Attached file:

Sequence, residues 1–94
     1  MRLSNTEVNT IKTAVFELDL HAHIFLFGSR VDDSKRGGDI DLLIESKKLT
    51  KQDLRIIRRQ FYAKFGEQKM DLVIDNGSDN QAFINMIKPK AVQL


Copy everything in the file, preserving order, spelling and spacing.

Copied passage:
Sequence, residues 1–94
     1  MRLSNTEVNT IKTAVFELDL HAHIFLFGSR VDDSKRGGDI DLLIESKKLT
    51  KQDLRIIRRQ FYAKFGEQKM DLVIDNGSDN QAFINMIKPK AVQL